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Bicycle Racing News and Opinion,
Saturday, August 21, 2021

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Vuelta a España stage seven reports

We posted the organizer's report with the results.

Here's the report from stage winner Michael Storer's Team DSM:

Michael Storer capped off an impressive display of team planning and collective strength to take the stage win on the seventh stage of La Vuelta after Team DSM placed five riders in the day’s breakaway of 29 before capping off an impressive victory.

Michael Storer

Michael Storer winning stage seven. Sirotti photo

After an attacking start with the team covering all moves, Storer, Thymen Arensman and Chris Hamilton went clear with three others, while behind as a chasing pack formed, the team was covered once again with Romain Bardet and Martijn Tusveld making the move that eventually bridged across to the six out front leaving a group of 29.

The team rode a controlled race throughout the stage with Bardet also active along the way before the attacks started to fly in the latter stages. The chase from the peloton behind was sustained but not enough to close the gap and into the final 25 kilometres it was all eyes on the stage win for the breakaway.

Having planned the stage to perfection, the team set about attacking from the front first with Hamilton before Storer went clear with two others. This trio became four by the foot of the final climb and once the road kicked up Storer made his move to solo away and win his first Grand Tour stage, leaving it all out on the road. Behind, Bardet made it two in the top six while Tusveld finished in 12th completing a superb day of racing for the team.

After his time on the podium, Michael Storer recapped the day: “I didn’t expect to be a stage winner of the Vuelta today. I knew I was in good form and I knew that I just had to have a go but I’m really happy and surprised that I managed to do it today on a really really difficult stage. I didn’t enjoy that last kilometre but now I’m starting to realise I made it and can really enjoy this victory.

“The plan today was to be aggressive and to own the race. To be honest we really dominated the stage today and I’m so impressed with the guys. I don’t think we put one step wrong today, it was a really incredible effort. We knew coming into today that we were really well prepared and that’s really motivating. As a team we can look for more chances in this race – we don’t rest on our laurels at Team DSM and we’ll keep trying everyday.”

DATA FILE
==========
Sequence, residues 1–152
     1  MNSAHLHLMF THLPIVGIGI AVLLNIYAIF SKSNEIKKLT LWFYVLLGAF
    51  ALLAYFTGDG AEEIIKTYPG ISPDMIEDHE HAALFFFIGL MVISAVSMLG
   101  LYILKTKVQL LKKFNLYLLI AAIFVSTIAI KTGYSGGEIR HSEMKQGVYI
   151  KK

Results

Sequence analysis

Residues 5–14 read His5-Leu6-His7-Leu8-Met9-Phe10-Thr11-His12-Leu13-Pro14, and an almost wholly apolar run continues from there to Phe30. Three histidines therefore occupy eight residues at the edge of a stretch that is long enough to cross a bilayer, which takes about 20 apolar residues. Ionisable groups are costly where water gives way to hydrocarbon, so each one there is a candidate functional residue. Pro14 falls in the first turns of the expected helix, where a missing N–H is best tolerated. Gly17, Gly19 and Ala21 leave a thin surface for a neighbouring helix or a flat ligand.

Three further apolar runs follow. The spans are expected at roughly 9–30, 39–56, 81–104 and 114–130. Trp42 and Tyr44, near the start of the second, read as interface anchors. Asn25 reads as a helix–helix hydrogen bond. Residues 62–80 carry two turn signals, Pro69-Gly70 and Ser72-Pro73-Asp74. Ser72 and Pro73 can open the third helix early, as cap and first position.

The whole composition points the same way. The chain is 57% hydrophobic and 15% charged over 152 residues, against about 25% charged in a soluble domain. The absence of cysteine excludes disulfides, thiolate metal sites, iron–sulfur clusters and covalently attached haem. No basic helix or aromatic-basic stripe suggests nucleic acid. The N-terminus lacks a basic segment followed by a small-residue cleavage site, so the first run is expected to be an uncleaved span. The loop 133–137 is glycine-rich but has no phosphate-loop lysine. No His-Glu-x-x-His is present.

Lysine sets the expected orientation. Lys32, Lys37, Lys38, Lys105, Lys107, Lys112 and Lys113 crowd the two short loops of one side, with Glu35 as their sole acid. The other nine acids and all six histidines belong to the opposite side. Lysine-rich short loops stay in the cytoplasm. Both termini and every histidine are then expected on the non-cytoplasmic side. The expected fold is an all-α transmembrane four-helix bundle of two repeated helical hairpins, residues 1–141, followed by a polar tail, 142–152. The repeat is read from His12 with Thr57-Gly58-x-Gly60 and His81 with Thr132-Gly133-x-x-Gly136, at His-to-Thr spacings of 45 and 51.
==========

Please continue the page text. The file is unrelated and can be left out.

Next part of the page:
Team DSM coach Matt Winston added: “It was a really good performance by the team today. We said that we wanted guys in the break and we wanted numbers so that we could use teamwork to go for the victory. In the end we had five guys in there and they all didn’t stop trying until every one of our climbing guys were there. From then on we showed really good collaboration to come into the final with Michael in a position where he could attack for victory. He demonstrated just how strong he was, but we also showed how strong the team are – I think we can all say that we took a really nice team victory today; a text book one and one to be proud of.”

GC leader Primoz Roglic's Jumbo-Visma team posted this update:

Primoz Roglic has managed to keep his red leader’s jersey in a fast stage to the top of the Balcón de Alicante. The Slovenian crossed the line in the group of favourites at just over three and a half minutes from stage winner Michael Storer. Sepp Kuss was Team Jumbo-Visma’s best ranked rider with the fourth place. The American was in the day’s breakaway and moved up to eighth place in the general classification.

Primoz Roglic

Primoz Roglic will start stage eight in red. Sirotti photo

It took a long time before a large leading group, including Kuss, got established. Behind the breakaway, Team Jumbo-Visma controlled the stage with Robert Gesink, Sam Oomen and Steven Kruijswijk. They brought their leader in an ideal position to the final climb, where the Slovenian parried all attacks from Ineos and Movistar.

“It was a tough day today”, Roglic said. “It was very hot and the pace was very high from the first climb. We rode at full speed all day and there was barely time to recover. The team did a good job again today. They were very strong and we were in control the whole time. With Sepp in the breakaway it was an ideal situation for us.”

“The pace was so high on the first climb that that climb immediately blew up the race”, Kuss explained. “It was not my intention to join the breakaway. When a number of guys who were short in the GC attacked, I just followed them. We also didn’t want to give them all the space. I tried to stick with them and wasted a lot of energy which I lacked in the end. We knew it was going to be difficult to control the stage and we expected the competition to put on the pressure, but we survived the day well. We can be happy with how it went.”

Here's the report from new GC second-place Felix Grossschartner's Bora-hansgrohe team: